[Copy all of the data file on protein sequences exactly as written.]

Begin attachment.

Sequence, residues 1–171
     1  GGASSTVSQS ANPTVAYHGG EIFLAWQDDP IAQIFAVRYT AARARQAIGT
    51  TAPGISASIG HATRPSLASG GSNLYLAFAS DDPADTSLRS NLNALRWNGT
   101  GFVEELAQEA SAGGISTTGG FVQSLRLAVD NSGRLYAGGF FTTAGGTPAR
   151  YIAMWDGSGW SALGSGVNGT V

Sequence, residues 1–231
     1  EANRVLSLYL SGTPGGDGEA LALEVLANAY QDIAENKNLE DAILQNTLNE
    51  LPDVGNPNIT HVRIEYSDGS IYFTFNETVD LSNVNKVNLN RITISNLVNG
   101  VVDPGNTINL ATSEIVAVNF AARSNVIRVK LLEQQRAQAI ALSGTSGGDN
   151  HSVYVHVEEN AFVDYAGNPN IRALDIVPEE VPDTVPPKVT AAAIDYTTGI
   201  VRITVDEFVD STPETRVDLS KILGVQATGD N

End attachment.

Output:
Sequence, residues 1–171
     1  GGASSTVSQS ANPTVAYHGG EIFLAWQDDP IAQIFAVRYT AARARQAIGT
    51  TAPGISASIG HATRPSLASG GSNLYLAFAS DDPADTSLRS NLNALRWNGT
   101  GFVEELAQEA SAGGISTTGG FVQSLRLAVD NSGRLYAGGF FTTAGGTPAR
   151  YIAMWDGSGW SALGSGVNGT V

Sequence, residues 1–231
     1  EANRVLSLYL SGTPGGDGEA LALEVLANAY QDIAENKNLE DAILQNTLNE
    51  LPDVGNPNIT HVRIEYSDGS IYFTFNETVD LSNVNKVNLN RITISNLVNG
   101  VVDPGNTINL ATSEIVAVNF AARSNVIRVK LLEQQRAQAI ALSGTSGGDN
   151  HSVYVHVEEN AFVDYAGNPN IRALDIVPEE VPDTVPPKVT AAAIDYTTGI
   201  VRITVDEFVD STPETRVDLS KILGVQATGD N